Here are the things humans know about aliens: Nothing.
To start with, these aliens might not even exist. If they do exist, they might be microbes without mouths, or space dolphins that don’t use technology to communicate. And if they do use technology to communicate, it might be technology that Earthlings won’t develop for another 10 million years—or never develop at all, because it doesn’t suit our particular terrestrial purposes. Maybe signs of the aliens’ existence will wash over our planet totally unnoticed. Or maybe scientists will one day intercept a message but be unable to understand it.
Despite all that uncertainty, astronomer Jill Tarter has devoted most of her adult life to the search for extraterrestrial intelligence. She joined the SETI field more than 40 years ago, when she first realized that scientists were trying to answer a question—Are we alone?—that had previously been the province of priests and philosophers. Since then, she has inspired the lead character in a Hollywood movie (1997’s Contact), led a NASA-funded alien-hunting initiative and a private project called Phoenix, and championed the construction of a radio telescope in Northern California dedicated to picking up ET’s phone call.
She hasn’t found any aliens so far, but she promises she’d tell us if she had. She’d also admit it if she’d seen compelling evidence that aliens were already here on Earth. But even with only silence and static to show, Tarter doesn’t bemoan humans’ cosmic solitude quite yet: SETI research, she says, has just barely gotten started. Astronomers have mostly searched for radio-frequency broadcasts from the biological great beyond, and though they’ve done their level best, their efforts total a tiny fraction of the frequencies and locations they could search—equivalent to about a hot tub’s worth of Earth’s oceans.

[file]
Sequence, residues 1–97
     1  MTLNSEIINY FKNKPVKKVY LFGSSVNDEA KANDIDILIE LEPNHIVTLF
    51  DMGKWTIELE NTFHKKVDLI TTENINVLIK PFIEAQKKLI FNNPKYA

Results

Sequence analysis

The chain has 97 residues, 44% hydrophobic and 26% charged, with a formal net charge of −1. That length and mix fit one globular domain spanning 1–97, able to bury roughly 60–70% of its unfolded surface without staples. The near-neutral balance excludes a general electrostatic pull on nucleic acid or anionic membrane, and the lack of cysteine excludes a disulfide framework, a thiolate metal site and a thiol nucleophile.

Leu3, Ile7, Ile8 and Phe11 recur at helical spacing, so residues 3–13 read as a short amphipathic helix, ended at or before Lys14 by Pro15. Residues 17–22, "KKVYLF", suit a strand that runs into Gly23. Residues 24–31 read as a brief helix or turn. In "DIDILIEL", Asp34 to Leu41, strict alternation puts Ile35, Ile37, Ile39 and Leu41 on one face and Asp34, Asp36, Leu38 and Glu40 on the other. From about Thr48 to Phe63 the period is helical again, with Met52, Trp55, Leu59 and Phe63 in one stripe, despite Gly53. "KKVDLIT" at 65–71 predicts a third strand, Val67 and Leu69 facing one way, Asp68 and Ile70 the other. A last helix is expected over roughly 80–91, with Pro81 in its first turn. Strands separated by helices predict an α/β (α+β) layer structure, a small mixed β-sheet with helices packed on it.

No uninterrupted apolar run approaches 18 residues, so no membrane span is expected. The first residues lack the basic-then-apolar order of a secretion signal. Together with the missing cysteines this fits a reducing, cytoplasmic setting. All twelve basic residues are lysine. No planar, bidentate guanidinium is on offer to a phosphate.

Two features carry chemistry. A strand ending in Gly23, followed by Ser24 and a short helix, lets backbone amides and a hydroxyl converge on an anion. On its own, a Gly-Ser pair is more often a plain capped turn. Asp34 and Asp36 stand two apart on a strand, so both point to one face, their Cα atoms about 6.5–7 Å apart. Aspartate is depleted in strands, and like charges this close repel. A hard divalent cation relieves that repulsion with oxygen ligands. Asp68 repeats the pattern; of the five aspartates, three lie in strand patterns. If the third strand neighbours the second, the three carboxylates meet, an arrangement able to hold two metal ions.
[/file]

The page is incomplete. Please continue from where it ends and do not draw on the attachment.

That’s why Tarter and her colleagues have worked to diversify their approach, considering other ways an alien species might leave a “technosignature.” Maybe they like lasers. Maybe they like to siphon energy directly from stars. Maybe they like to build self-replicating robots that spread throughout the galaxy. Who knows? No one, including Tarter. The important thing, to her, is that SETI scientists keep going—maybe for generations—until there’s much more than that hot tub to show for all their trouble.
To learn more about who’d call the shots in a first-contact scenario (hint: probably not us), watch this special alien edition of WIRED’s Tech Support series.
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